Integrative approaches to understanding whole-brain computation

  • Awardees
  • Misha B. Ahrens, Ph.D. Janelia Research Campus
  • John P. Cunningham, Ph.D. Columbia University
  • Florian Engert, Ph.D. Harvard University
  • Liam Paninski, Ph.D. Columbia University
  • Byron Yu, Ph.D. Carnegie Mellon University
Year Awarded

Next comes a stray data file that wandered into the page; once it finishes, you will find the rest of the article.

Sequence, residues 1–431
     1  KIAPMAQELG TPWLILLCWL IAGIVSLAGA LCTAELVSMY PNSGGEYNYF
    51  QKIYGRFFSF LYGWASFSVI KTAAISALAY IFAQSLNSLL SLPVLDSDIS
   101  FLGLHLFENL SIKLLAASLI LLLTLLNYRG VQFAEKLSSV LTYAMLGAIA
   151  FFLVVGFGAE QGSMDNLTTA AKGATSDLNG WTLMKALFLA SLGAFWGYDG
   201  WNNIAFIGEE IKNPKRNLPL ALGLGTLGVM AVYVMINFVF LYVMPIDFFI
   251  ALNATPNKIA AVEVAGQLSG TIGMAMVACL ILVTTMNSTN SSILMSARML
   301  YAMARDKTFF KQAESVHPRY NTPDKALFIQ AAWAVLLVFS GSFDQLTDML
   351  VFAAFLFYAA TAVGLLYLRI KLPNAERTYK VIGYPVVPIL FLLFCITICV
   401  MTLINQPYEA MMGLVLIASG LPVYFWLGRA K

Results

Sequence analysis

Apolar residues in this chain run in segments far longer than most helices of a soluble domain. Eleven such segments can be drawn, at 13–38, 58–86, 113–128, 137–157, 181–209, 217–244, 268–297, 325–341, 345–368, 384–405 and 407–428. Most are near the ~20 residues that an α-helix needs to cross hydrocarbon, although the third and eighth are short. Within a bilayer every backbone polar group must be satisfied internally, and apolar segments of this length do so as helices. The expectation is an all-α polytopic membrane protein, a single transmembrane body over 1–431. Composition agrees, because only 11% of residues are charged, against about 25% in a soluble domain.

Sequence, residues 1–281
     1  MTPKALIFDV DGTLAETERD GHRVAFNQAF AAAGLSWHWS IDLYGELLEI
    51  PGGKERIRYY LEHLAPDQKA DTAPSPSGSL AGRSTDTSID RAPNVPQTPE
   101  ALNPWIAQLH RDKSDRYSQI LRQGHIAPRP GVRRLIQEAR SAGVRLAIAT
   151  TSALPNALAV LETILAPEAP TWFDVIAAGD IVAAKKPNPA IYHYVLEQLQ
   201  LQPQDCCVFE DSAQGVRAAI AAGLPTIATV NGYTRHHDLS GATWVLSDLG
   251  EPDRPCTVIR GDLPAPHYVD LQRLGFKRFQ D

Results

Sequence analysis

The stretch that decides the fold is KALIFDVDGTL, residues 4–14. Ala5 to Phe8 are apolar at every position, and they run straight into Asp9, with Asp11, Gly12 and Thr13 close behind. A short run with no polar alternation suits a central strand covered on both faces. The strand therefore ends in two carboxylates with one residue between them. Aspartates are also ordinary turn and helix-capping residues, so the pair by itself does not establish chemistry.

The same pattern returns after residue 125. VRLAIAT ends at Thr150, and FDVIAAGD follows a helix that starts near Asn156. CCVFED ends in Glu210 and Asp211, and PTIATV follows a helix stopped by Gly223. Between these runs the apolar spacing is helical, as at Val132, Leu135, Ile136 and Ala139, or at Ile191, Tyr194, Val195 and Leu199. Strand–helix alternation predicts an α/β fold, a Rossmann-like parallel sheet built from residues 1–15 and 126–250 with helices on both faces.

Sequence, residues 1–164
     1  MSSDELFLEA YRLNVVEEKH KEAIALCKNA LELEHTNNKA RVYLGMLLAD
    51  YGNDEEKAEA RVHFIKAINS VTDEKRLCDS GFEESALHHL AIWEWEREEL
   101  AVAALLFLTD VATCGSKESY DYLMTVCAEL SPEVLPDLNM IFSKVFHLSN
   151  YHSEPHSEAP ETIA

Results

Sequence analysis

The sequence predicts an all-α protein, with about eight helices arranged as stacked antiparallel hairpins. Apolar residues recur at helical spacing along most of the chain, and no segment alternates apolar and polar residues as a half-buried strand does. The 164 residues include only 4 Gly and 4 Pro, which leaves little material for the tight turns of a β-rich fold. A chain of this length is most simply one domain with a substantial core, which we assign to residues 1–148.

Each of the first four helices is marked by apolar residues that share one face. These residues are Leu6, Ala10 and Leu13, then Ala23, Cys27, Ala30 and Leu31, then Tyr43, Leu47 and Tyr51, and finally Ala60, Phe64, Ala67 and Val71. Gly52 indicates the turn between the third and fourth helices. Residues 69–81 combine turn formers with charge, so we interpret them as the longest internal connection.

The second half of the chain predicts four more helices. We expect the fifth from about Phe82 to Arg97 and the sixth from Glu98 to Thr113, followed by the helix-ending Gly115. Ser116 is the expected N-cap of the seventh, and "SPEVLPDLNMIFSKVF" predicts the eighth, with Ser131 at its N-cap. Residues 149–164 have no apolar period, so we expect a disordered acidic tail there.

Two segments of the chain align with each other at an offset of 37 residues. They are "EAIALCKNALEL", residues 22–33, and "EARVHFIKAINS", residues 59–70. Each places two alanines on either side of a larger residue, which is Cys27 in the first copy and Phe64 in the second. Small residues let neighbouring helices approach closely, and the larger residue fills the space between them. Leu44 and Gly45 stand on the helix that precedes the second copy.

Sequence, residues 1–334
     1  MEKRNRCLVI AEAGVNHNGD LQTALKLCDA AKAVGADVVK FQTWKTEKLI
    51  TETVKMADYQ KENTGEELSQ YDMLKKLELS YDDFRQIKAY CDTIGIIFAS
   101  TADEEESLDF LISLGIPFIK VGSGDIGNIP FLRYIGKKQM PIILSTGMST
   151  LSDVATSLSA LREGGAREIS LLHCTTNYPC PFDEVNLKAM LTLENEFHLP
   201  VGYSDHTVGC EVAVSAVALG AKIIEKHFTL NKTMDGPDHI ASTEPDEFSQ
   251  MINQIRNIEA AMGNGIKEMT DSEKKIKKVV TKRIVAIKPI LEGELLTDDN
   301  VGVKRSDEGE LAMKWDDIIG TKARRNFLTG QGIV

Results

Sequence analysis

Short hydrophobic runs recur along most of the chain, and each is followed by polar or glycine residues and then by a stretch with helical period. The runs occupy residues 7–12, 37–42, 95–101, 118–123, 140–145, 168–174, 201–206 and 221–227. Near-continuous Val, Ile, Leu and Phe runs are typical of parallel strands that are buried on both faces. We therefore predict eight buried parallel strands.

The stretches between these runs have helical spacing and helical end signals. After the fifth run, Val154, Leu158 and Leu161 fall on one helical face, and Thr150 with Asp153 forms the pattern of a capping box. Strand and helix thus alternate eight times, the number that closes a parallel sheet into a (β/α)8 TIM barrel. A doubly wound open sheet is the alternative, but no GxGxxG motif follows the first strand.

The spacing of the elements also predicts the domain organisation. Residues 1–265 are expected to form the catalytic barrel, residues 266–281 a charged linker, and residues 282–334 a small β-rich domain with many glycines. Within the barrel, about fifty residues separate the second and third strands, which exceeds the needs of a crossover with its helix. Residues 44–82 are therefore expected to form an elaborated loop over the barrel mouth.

The human brain is composed of billions of neurons. Currently, neuroscientists understand just a fraction of the electrical and chemical code that neurons use to communicate with one another. One obstacle has been the lack of technologies to simultaneously track the activity of each individual neuron at ‘the speed of thought.’ New techniques, however, are on the verge of accomplishing this in smaller systems. Our group will combine the power of sophisticated computer algorithms with cutting-edge microscopes to monitor the activity of many neurons at once in real time. Our previous work used powerful microscopes to observe all the neurons in the brain of a zebrafish in its larval stage. However, these observations were slower than the speed of electrical activity in the fish’s brain. Collaborating with other labs, we will develop computational methods to determine the activity of single neurons even when the microscope on its own isn’t powerful enough to view objects as small as single cells. This advance will enhance imaging speed up to tenfold or more, enabling us to conduct previously impossible experiments. Working in zebrafish, for example, we will identify how small areas of the brain involved in initiating movements influence how the entire brain processes feedback from those movements. Our work will provide a suite of new tools for other neuroscientists to use, as well as general insight into how the brain processes information and carries out behavior.

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